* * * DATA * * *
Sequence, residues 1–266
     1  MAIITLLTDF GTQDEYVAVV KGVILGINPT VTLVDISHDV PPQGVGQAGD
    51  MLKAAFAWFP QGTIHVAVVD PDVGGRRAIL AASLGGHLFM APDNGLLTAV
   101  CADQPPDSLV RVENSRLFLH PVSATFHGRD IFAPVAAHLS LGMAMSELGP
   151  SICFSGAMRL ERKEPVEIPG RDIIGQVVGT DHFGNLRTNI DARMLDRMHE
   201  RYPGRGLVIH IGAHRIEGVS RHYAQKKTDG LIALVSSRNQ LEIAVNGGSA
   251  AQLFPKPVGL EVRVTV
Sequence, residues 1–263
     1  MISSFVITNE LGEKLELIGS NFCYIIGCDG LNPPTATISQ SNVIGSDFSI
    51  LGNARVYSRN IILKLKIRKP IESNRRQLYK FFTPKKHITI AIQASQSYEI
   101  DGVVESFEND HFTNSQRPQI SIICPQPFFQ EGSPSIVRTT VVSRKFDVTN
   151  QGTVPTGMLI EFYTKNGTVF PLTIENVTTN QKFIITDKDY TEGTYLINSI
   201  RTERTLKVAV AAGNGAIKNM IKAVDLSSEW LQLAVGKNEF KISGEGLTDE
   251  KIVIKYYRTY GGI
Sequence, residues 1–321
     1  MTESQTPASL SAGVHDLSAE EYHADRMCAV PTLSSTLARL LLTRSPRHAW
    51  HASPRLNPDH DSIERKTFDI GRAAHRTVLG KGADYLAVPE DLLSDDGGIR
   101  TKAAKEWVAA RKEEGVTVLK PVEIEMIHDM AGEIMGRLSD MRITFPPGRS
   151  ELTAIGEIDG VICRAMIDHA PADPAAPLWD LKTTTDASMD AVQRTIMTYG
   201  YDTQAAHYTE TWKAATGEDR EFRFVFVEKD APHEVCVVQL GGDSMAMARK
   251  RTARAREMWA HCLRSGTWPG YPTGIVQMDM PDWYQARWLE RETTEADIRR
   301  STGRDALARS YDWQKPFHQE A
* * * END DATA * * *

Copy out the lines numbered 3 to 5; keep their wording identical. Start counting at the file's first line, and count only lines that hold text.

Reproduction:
    51  MLKAAFAWFP QGTIHVAVVD PDVGGRRAIL AASLGGHLFM APDNGLLTAV
   101  CADQPPDSLV RVENSRLFLH PVSATFHGRD IFAPVAAHLS LGMAMSELGP
   151  SICFSGAMRL ERKEPVEIPG RDIIGQVVGT DHFGNLRTNI DARMLDRMHE